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Redfish, snook still out there

Posted Jan 17, 2013 by The Tampa Tribune

Updated Jan 17, 2013 at 05:50 PM

By FRANK SARGEANT


Strong winds Thursday and part of today will mean murky water in beaches and passes where pompano action had been good — if the water clears by Saturday, the bite should pick up again, with sand fleas the best bait. (Red tide continues to be an issue in some areas between Manatee and Collier counties — if you see dead fish or discolored water, go elsewhere.)

Captain Ray Markham reports that snook on the south end of Tampa Bay are in their usual spring locations, which is dangerous for them this time of year.

“If we get hit with a hard freeze, many of these fish are on the open flats in shallow water, and the lack of depth as an insulator could be devastating to our remaining fish stocks here on the Gulf Coast,” Markham says.

For the time being, the linesiders have been aggressively hitting topwater lures like the MirrOlure MirrOmullet XL and Rapala Skitterwalk as well as the DOA Shrimp in the gold-and-glow color. Larger jerk baits like the 5.5 CAL Jerk bait, MirrOlure Provoker, 12-Fathom Slam-R, and Texas Shad Assassins. He said big trout are hitting these latter soft plastics rigged on light jig heads in the shallows. Some of the top action for big trout continues to come from the Clearwater Bay/Dunedin area around spoil islands in the Intracoastal.

Redfish action continues to be good in the Fort De Soto area. South Shore anglers on Tampa Bay have had banner catches of slot reds lately. Everything from jerk baits to jigs and spoons are catching redfish. But find them in clear, calm waters and they may be skittish. Some of the more wary fish seem to eat cut baits like mullet or ladyfish, or one of the heavily scented baits like Berkley Gulp or Mister Twister Exude baits.

Markham said sand bars from mid-Sarasota Bay and the Sarasota Bay Middle Grounds flats have been productive for pompano, as have the long sand bars extending from Joe Bay to Cockroach bay along the south shore. CAL Jigs with Shad tails along the shallow bars, and Doc’s Goofy Jigs in deeper water have been the most effective artificial lures. Sand fleas and fiddler crabs account for the largest numbers caught on live baits along the passes near Fort DeSoto and Pass-A-Grille, but live shrimp will work well also.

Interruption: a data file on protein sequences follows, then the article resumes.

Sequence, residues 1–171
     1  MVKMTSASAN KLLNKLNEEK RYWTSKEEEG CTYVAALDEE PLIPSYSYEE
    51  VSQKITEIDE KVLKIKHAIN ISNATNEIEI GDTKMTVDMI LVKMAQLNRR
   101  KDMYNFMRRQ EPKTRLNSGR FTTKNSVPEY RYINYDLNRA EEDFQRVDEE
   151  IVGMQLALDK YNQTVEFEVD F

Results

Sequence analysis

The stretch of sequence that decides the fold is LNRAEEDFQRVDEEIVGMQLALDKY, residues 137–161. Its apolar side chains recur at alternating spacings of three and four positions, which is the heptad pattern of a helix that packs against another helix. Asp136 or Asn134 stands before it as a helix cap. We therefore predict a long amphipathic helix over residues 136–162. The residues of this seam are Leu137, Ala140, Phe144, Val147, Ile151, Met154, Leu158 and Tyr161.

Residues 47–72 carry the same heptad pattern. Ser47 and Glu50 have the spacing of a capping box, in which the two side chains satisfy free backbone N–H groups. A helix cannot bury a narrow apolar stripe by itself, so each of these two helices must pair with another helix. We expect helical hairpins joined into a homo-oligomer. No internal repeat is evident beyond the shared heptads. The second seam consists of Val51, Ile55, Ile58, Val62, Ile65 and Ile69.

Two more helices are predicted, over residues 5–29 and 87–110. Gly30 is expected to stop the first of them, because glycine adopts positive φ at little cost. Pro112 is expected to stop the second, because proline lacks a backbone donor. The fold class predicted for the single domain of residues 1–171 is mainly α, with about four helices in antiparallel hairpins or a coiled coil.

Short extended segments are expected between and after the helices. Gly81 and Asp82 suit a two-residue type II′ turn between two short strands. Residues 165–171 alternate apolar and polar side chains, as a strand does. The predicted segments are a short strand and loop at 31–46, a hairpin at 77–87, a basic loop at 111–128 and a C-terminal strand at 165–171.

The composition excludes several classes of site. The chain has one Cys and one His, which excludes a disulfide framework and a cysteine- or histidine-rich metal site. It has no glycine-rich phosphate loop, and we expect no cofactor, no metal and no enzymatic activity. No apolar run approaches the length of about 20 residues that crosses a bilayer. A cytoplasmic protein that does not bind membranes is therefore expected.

Some lunker trout are still being caught around the spoil islands from Clearwater Beach northward on live shrimp under popping corks. The rocky bays between the Anclote and Pithlachascotee rivers remain good for both trout and reds. For more info, visit http://www.captainraymarkham.com.

Captain Mike Shellen reports the EverStart FLW event at Okeechobee last weekend put 177 boats on the water, but catches were less dramatic than last year, with winning weight for the three days around 60 pounds. He said the top two anglers fished around the north side of the lake, with the winning catch coming from the northeast shore. Shellen says high water this year has allowed fish to disperse into the marshes and made them a bit tougher to find. Best action is flippin’ and pitchin’ soft plastics to the cover. Look for a spawn around the coming full moon on the 27th unless a cold front pushes the fish out of the shallows; http://www.okeechobeebassfishing.com.

Captain Angie Douthit has been catching lunkers for her clients on the south end, both on live shiners and on topwaters. Bulrush areas are frequently good targets from now through spring. She suggests fishing Pelican Bay; Long Point; Buzzards Roost; Rita Island; parts of the East wall, Coots Bay, West Wall and Observation Shoal; 863-228-7263 or email .(JavaScript must be enabled to view this email address)

Tribune correspondent Frank Sargeant can be reached at .(JavaScript must be enabled to view this email address)

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